Sometimes there’s no better way to hear it, than straight from the horse’s mouth. UnCOVered blogger Rhys is here to give us an insight into his first year at Coventry University, and the lessons he learnt outside of the classroom. Take it away Rhys…
And just like that, I had sat my last exam and my first year at Coventry University was complete. My first thought was “I made it!”. My second thought was “How?”. But at the time that didn’t matter. I had a summer to look forward to!
Looking back, there were a lot of invaluable life experiences during my first year, both good and bad. So I’ve come up with the 5 things I learnt at Coventry Uni as a fresher, check them out below.
1. People don’t bite
University is a good way to meet new people, with lots of opportunity to get out there and meet your potential future partners in crime, (not literally), as well as starting off that all important Whatsapp group chat for ‘Uni Friends’, that’ll most likely be going strong even after you finish your studies.
It’s important to be approachable at university. Let’s face it, you’re all in the same boat and around the same age group, so there’s not much that could go wrong. A bit of advice would be to bring a doorstop for your room, and introduce yourself to people walking by. Once you’re all buddies, you’re gonna want to keep your doors open sometimes, if not most of the time.
2. It’s OK to not know and to ask for help
When you get to university, you might be overwhelmed by all the different aspects of student life that you need to take on board. Whether it be my old nemesis ‘Harvard Referencing’, keeping on top of your finances, or doing everything in your power to stay calm under pressure, at CU there is plenty of support in place for students, so please don’t suffer in silence.
Lecturers will always be willing to hang behind to explain key teaching points, provide drop-in sessions during their office hours, and give coursework feedback before hand-ins. We have the Centre for Academic Writing for all your assignment needs, and the student centre with advisers on board to offer the best guidance on all aspects of student life, for anyone who requires support.
3. Going out on a school night is (almost) completely acceptable
Now obviously this doesn’t apply to the nights where you’ve got lectures starting at 9am the next morning, but this is a valuable lesson. As a student you might think that weeknights are purely for studying. And while for some people this might be the way they like to operate, (and we encourage as much study as your individual course suggests!), it’s not strictly true…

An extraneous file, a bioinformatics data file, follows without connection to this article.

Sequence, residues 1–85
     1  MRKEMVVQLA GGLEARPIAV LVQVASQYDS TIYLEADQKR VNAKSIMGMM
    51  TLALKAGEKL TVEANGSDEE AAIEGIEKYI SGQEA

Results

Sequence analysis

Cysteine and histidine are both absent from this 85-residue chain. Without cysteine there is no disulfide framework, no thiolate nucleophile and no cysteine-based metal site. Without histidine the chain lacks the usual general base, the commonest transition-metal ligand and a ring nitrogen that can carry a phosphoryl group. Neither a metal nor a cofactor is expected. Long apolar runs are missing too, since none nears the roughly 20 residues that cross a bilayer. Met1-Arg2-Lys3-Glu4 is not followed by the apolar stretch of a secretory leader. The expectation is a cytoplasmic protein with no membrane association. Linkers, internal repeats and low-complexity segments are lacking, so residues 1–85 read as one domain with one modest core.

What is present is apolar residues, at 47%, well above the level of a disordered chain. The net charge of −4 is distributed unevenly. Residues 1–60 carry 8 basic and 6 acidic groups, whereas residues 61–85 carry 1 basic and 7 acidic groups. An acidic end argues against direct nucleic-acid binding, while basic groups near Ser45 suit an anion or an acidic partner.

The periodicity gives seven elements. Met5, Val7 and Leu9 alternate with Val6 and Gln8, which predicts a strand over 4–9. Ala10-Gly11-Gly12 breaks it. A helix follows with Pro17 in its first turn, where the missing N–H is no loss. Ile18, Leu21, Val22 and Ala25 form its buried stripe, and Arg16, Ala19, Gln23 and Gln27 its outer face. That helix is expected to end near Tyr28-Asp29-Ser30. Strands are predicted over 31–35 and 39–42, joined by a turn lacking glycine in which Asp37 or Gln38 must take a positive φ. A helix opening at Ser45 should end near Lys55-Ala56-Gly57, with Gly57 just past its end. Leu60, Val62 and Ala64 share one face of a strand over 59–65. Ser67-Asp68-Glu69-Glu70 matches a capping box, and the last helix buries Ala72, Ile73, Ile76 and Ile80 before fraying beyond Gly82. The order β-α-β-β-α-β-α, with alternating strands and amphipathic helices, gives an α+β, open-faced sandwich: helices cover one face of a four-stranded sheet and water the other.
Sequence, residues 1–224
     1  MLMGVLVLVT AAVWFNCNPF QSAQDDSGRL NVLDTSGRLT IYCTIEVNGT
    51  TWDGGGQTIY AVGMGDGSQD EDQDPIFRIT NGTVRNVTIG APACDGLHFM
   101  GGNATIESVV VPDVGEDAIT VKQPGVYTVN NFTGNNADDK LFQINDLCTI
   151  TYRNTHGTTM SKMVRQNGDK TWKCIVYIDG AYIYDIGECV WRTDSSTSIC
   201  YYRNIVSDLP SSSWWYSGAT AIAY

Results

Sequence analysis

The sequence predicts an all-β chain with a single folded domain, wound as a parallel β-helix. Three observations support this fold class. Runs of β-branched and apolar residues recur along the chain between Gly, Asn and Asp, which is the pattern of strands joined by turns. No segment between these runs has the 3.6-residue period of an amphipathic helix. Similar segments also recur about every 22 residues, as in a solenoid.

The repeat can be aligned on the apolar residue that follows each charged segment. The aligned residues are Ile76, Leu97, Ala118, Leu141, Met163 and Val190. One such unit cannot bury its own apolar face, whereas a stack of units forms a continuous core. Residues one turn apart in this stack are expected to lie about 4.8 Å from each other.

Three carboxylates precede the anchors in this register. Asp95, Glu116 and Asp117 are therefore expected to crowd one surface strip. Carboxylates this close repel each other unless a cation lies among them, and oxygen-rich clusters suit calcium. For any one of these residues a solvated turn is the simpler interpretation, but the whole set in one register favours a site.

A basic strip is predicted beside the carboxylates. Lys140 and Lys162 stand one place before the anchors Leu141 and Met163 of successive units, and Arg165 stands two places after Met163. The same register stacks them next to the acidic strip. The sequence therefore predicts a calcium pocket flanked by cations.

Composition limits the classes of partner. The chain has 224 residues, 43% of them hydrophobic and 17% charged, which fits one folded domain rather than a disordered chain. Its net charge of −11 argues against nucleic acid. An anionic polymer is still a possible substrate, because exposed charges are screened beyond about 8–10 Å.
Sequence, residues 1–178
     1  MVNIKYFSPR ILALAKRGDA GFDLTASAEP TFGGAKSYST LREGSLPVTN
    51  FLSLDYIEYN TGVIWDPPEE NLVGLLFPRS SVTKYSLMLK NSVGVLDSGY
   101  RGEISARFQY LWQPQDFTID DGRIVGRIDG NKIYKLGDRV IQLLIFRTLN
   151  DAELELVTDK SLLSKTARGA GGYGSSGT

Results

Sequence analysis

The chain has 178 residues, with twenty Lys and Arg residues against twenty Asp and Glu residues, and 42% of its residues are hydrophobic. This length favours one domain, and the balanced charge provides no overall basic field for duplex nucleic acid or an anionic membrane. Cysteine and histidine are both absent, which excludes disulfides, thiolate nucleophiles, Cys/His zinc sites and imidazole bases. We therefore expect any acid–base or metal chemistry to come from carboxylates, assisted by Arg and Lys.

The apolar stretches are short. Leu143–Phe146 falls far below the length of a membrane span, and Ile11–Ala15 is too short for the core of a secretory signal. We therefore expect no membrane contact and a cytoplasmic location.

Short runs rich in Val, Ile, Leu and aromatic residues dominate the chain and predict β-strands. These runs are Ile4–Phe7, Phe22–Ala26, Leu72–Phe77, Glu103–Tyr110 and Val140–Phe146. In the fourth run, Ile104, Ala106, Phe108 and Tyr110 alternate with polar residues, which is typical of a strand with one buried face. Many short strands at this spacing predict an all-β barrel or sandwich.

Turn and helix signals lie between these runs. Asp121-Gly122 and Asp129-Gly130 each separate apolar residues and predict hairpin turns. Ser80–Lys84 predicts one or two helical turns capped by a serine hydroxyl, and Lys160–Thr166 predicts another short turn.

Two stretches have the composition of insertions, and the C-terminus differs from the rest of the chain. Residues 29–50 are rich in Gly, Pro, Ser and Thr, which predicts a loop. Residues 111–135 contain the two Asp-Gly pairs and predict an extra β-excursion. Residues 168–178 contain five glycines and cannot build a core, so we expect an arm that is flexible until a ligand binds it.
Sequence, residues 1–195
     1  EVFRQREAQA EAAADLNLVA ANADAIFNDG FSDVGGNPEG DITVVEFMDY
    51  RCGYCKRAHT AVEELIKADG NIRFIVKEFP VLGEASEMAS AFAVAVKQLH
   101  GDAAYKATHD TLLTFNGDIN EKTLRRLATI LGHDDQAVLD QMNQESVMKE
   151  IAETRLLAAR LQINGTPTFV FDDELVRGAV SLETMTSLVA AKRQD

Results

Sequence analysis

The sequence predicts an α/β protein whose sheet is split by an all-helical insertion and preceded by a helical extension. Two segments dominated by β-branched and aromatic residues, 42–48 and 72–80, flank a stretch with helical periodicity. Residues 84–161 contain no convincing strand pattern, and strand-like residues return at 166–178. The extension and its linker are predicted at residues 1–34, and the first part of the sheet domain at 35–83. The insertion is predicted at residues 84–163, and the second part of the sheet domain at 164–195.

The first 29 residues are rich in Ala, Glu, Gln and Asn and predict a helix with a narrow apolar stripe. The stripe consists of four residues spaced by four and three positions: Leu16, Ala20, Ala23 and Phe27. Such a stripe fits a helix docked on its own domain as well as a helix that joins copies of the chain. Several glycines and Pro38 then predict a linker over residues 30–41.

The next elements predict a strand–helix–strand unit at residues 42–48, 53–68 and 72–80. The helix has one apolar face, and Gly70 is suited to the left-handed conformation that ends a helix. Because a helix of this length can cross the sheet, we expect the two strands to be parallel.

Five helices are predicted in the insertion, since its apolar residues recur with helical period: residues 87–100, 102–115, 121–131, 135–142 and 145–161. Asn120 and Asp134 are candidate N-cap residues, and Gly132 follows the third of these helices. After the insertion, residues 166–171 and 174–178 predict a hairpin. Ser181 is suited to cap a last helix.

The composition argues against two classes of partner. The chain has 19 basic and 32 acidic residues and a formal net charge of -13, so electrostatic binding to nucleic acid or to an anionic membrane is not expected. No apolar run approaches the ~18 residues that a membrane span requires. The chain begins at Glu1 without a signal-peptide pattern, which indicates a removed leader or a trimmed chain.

Although we always encourage balancing your time effectively, you’ll soon realise that some of the best nights out to be had are weeknights. In Coventry a lot of student nights are held during the week, with Kasbah and JJ’s (among other good student venues) offering good value for money. Before you know it, you’ll be going out on weeknights and studying hard at weekends (the opposite of now, right?). But always remember to manage your time responsibly to get the most out of your degree, and study on necessary weeknights too!
4. It is important to budget
Living alone, it’s important to understand that everything you do will have a price tag. Now I know what you’re thinking: “student loans will have me covered”. And in a sense, it may cover you with rent and stuff, but without sensible budgeting it’s easy to overspend.
It’s important to live within your means and plan how you will spend your money. Create shopping lists and don’t buy things you don’t need. At first I thought it’d all be OK as long as I didn’t look at my bank account, and I can safely say that didn’t work! There are effective ways of budgeting and saving your money. There are also plenty of part-time jobs going if you need extra financial support, which is what I ended up doing, so I’d also recommend that. Futureworks or Prospects are great sites to visit for this.
5. I made it through the year… I’m a strong independent student!
Living away from home was not as daunting as expected. In fact I’d say the newfound responsibility helps shape you as an adult! When you realise no one is there to clean up for you, or cook for you, you start to take control of your own destiny, making those so called ‘chores’ a breeze. You’ll be wondering why you moaned about it so much back home.
My love for Super Noodles (national dish of students) skyrocketed in my first year, and played a big part in my survival. I’d suggest something with a bit more nutritional value to be honest, but all in all, living alone is not half bad. And sometimes it can be a revelation!